Psychology is the science of behavior and mind, including conscious and unconscious phenomena, as well as feeling and thought.
Quinidine is a pharmaceutical agent that acts as a class I antiarrhythmic agent (Ia) in the heart.
In chemistry, a racemic mixture, or racemate, is one that has equal amounts of left- and right-handed enantiomers of a chiral molecule.
Racemorphan, or morphanol, is the racemic mixture of the two stereoisomers of 17-methylmorphinan-3-ol, each with differing pharmacology and effects.
A rash is a change of the human skin which affects its color, appearance, or texture.
Recreational drug use is the use of a psychoactive drug to induce an altered state of consciousness for pleasure, by modifying the perceptions, feelings, and emotions of the user.
Dextromethorphan, or DXM, a common active ingredient found in many over-the-counter cough suppressant cold medicines, is used as a recreational drug and entheogen for its dissociative effects.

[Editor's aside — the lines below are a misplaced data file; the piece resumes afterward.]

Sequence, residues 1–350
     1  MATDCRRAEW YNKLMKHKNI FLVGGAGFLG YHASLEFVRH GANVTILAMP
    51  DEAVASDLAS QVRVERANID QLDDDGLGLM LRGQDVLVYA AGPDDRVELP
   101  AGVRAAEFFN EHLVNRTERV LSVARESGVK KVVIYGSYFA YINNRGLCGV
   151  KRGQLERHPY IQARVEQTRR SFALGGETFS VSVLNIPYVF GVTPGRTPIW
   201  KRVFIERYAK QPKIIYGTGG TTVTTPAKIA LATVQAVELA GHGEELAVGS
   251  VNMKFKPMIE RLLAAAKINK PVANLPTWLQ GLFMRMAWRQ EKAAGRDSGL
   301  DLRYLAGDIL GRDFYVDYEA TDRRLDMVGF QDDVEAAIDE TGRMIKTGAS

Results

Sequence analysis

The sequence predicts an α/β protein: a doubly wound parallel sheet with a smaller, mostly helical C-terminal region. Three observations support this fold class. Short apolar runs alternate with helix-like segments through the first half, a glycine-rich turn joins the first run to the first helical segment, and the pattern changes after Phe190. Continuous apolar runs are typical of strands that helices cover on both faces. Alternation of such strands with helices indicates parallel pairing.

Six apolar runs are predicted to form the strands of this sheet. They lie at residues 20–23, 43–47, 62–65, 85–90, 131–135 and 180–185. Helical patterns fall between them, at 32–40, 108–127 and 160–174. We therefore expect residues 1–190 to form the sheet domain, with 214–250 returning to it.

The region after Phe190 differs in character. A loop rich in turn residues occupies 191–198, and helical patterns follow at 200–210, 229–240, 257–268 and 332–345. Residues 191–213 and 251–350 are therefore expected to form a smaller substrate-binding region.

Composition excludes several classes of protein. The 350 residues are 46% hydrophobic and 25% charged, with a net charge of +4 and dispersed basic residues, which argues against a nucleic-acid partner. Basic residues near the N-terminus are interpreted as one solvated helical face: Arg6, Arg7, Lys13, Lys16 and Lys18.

In humans, the respiratory tract is the part of the anatomy of the respiratory system involved with the process of respiration.
A reuptake inhibitor (RI) is a type of drug known as a reuptake modulator that inhibits the plasmalemmal transporter-mediated reuptake of a neurotransmitter from the synapse into the pre-synaptic neuron.
Robitussin is a brand name and registered trademark for both over-the-counter (OTC) and prescription cough and cold medicines manufactured by Pfizer.
Sedation is the reduction of irritability or agitation by administration of sedative drugs, generally to facilitate a medical procedure or diagnostic procedure.